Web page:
Last week there was a news report that the American government is interested in partnering with Elon Musk’s Starlink project. How do you see this type of partnership with commercial players developing?
We don’t have to look that far back to see a time when most of the innovation in secure satellite communications was driven, and often directly developed, by governments. Some of them involving highly innovative technologies.
Nowadays, this has flipped over. The private sector has taken the lead in innovative technologies. Industry has really taken the lead, whether it’s Elon Musk, SES, or others.
What type of expertise will be required to develop such projects in the future? Are they the kind of skills which Luxembourg has a particularly good supply of?
In this environment, one always needs to take a wider view on the whole value chain. Obviously, this means you need to have expertise on the whole project. The satellite, the security that goes into the satellite, the management systems that go around the provisioning of secure satellite capabilities.
And when you deliver the solution, you need to consider some of the equipment that goes with it. You may also need to consider the security of that equipment, or the security layer that is above the entire communication chain. And all this needs to be integrated…
So, you need to involve a multitude of actors. For example, one of the discussions we had recently was on the topic of identity management. Identity management being an element that is very relevant in today’s banking sector, for instance. But it could also be very relevant in the provisioning of end-to-end secure satellite communications solutions within a defence environment.
This is just one example of how we could use the expertise that is present here in Luxembourg.
And is Luxembourg overall well positioned to provide this expertise and knowledge?
Since 2015, the entire space sector in Luxembourg has seen a huge amount of development. The expertise that is available in Luxembourg, particularly in SES, is very broad.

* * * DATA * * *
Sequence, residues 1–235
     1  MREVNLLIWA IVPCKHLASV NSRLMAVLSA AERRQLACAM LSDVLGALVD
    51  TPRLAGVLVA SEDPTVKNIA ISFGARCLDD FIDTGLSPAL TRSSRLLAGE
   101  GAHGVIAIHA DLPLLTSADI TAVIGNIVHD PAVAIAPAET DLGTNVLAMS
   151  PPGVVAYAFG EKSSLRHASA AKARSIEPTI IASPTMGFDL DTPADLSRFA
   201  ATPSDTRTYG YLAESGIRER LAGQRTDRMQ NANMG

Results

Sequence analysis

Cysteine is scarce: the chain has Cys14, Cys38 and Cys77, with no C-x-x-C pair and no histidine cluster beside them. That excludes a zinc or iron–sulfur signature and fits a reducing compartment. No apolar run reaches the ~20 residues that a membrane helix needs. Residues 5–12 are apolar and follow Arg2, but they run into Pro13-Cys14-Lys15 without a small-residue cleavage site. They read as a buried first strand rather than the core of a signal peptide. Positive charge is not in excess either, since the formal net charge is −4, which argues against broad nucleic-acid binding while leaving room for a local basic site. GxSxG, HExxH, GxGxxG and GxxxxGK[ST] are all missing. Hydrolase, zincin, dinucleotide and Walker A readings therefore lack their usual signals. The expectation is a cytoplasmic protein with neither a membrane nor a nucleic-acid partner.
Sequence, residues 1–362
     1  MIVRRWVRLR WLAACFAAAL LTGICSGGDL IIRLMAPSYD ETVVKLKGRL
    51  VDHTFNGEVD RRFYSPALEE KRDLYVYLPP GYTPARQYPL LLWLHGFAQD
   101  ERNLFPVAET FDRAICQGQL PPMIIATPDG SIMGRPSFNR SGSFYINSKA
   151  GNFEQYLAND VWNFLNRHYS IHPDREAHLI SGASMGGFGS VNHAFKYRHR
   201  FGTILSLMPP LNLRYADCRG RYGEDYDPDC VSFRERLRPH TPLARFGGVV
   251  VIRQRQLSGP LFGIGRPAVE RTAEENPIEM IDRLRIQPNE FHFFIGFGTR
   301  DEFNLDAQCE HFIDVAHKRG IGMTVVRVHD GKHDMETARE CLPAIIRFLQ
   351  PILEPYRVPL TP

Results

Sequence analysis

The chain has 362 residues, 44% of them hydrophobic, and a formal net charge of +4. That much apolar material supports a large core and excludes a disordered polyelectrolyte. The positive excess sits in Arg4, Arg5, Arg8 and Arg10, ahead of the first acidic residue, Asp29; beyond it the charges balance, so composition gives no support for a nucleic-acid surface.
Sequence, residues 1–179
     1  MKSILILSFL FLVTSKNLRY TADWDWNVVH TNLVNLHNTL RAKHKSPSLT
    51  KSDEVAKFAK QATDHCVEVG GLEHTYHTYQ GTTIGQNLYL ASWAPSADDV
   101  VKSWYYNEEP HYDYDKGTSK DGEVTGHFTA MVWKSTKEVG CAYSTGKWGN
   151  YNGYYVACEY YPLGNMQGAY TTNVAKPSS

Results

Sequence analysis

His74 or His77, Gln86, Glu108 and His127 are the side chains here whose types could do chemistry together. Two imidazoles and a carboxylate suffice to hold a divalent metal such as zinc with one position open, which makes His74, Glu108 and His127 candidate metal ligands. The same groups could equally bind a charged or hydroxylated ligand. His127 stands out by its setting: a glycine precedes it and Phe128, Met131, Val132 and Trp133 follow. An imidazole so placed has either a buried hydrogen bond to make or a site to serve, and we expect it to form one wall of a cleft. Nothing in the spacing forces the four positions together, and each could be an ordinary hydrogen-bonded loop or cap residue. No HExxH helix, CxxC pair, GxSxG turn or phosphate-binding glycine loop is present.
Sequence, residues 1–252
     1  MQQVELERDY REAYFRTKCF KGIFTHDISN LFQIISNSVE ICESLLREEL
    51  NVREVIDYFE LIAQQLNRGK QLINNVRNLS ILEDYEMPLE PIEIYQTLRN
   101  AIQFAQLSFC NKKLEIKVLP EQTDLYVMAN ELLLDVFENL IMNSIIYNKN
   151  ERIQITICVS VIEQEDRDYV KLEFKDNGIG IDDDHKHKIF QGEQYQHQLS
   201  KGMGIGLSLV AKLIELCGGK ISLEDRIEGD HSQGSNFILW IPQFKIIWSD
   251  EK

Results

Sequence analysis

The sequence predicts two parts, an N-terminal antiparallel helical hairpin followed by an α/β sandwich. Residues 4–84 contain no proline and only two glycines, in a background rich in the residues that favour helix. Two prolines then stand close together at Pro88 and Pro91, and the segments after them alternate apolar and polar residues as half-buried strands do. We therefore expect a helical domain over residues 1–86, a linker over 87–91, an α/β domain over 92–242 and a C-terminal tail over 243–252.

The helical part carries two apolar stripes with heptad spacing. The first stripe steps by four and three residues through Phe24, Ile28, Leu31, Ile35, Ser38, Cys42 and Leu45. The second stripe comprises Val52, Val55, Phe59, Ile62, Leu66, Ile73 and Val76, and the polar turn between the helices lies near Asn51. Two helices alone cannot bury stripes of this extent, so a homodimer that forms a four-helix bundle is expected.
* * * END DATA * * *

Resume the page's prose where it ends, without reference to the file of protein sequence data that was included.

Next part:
But very importantly, what makes Luxembourg an internationally recognized player is the dynamics and the determination to drive things forward as a nation, in the space sector.
Following the success of this year’s GOVSATCOM event, can you tell us anything about the 2020 conference?
The GOVSATCOM conference Luxembourg has become a key event on the agenda of the International SATCOM actors from the satellite, governmental, institutional and defence fields.
The event mirrors the dynamics in our ecosystems. It brings together key actor of the entire value-chain: governments, experts, users and the research community.
The 2019 event gathered more than 400 participants and around 25 speakers.
2020 will be even more exciting. We will have a highly international focus with vendors showcasing their latest technologies and entrepreneurial startups joining for a dedicated session.
Is there any particular group of end users, or potential end users, you would like to target more?
Defence users drive most of the demand in secure satellite communications, when such are based on military frequencies. However, civilian or institutional applications, in the field of UN peacekeeping type activities, to border control, police, to any kind of first responders or emergency type solutions have equal sometimes even higher security needs. I am convinced that there are more opportunities than hurdles to develop the security and sensitive core of such applications on satellite systems that are by default conceived for a hostile threat environment.
It would be a great opportunity if the 2020 GOVSATCOM edition could further foster this dialogue and that we can jointly learn and explore on how to develop the solutions needed.
The original can be find here –https://space-agency.public.lu/en/news-media/news/2019/the_future_of_secure_satellite_communications.html– Rights reserved – this publication is reproduced with permission from Luxembourg Space Agency.